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How I Write About Enslavement by Jenny Mitchell

How I Write About Enslavement

I dig bones from a grave carried on my back

lay them on the page – blood full-stops.

Chains are brought up next, a tangled weight.

Whips the overseers soaked in salt

start a fire on my skin. Deep wounds

turn into welts, flower into sentences.

My body folds, neck wrenched to feel the rope

pulling at my neck. Knees quake. Each organ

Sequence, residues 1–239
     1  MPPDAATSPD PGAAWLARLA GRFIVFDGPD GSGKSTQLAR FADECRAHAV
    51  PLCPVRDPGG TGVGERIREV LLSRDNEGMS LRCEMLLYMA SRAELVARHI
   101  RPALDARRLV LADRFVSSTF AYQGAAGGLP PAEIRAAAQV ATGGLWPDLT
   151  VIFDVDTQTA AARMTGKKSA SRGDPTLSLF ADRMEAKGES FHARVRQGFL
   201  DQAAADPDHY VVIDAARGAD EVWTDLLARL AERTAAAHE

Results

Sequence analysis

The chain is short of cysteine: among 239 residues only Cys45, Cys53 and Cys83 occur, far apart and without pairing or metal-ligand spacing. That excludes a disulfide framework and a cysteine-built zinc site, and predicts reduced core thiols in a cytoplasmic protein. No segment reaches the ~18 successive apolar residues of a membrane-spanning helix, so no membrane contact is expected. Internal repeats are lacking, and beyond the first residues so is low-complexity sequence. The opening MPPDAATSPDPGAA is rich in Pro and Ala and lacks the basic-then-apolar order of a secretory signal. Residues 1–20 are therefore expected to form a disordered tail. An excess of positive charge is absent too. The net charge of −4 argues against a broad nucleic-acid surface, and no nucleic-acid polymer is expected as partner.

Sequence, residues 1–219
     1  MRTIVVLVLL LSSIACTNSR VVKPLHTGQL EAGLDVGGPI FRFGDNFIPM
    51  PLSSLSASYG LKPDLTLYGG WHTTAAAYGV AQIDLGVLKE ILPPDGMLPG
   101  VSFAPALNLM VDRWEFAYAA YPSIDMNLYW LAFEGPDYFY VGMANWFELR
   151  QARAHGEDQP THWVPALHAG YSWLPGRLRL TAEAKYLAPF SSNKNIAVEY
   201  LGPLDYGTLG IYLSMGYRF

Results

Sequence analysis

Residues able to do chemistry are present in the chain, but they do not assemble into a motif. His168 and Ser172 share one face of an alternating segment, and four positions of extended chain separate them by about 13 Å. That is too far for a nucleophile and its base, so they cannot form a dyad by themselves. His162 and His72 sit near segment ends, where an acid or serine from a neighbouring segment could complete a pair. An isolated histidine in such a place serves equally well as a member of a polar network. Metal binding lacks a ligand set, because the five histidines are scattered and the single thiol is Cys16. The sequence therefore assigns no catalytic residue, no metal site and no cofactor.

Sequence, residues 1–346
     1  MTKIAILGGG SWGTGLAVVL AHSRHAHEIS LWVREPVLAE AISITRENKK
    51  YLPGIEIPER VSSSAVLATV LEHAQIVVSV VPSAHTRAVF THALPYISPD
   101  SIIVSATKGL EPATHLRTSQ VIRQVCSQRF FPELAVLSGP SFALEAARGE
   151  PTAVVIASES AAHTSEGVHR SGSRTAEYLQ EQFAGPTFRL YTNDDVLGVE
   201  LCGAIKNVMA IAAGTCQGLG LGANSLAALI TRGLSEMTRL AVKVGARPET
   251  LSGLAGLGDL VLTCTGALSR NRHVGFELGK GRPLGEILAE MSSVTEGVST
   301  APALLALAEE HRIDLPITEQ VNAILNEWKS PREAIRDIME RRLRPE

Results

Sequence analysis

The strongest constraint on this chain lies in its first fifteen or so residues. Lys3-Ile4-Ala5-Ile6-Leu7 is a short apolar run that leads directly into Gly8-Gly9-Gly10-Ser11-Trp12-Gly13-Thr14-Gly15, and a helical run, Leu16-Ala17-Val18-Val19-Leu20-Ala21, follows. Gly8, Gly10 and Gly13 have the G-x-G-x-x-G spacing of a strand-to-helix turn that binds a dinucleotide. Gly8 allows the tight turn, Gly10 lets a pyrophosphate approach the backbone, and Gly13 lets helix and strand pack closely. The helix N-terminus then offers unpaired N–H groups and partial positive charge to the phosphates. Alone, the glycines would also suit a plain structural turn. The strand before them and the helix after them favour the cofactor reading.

fills with names, the children sold

their cries tamped in my throat, locked away

for safety’s sake until they scream

break free, demand a page.

Jenny Mitchell

Jenny Mitchell is winner of the Segora Poetry Prize 2020, the Fosseway Poetry Prize 2020, a Bread and Roses Poetry Award 2020, joint winner of the Geoff Stevens Memorial Prize 2019, and a two-time Best of the Net Nominee. Her work has been published in The Rialto, The Interpreter’s House, The New European, The Morning Star etc; and broadcast on Radio 4/BBC2. A debut collection, Her Lost Language, (Indigo Dreams Publishing), was selected as one of 44 Poetry Books for 2019 (Poetry Wales) and a Jhalak Prize #BookWeLove.

Twitter: @jennymitchellgo


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